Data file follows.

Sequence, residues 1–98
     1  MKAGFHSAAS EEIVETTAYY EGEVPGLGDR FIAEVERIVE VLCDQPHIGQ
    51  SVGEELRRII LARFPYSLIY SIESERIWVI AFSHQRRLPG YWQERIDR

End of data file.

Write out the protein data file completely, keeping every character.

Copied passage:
Sequence, residues 1–98
     1  MKAGFHSAAS EEIVETTAYY EGEVPGLGDR FIAEVERIVE VLCDQPHIGQ
    51  SVGEELRRII LARFPYSLIY SIESERIWVI AFSHQRRLPG YWQERIDR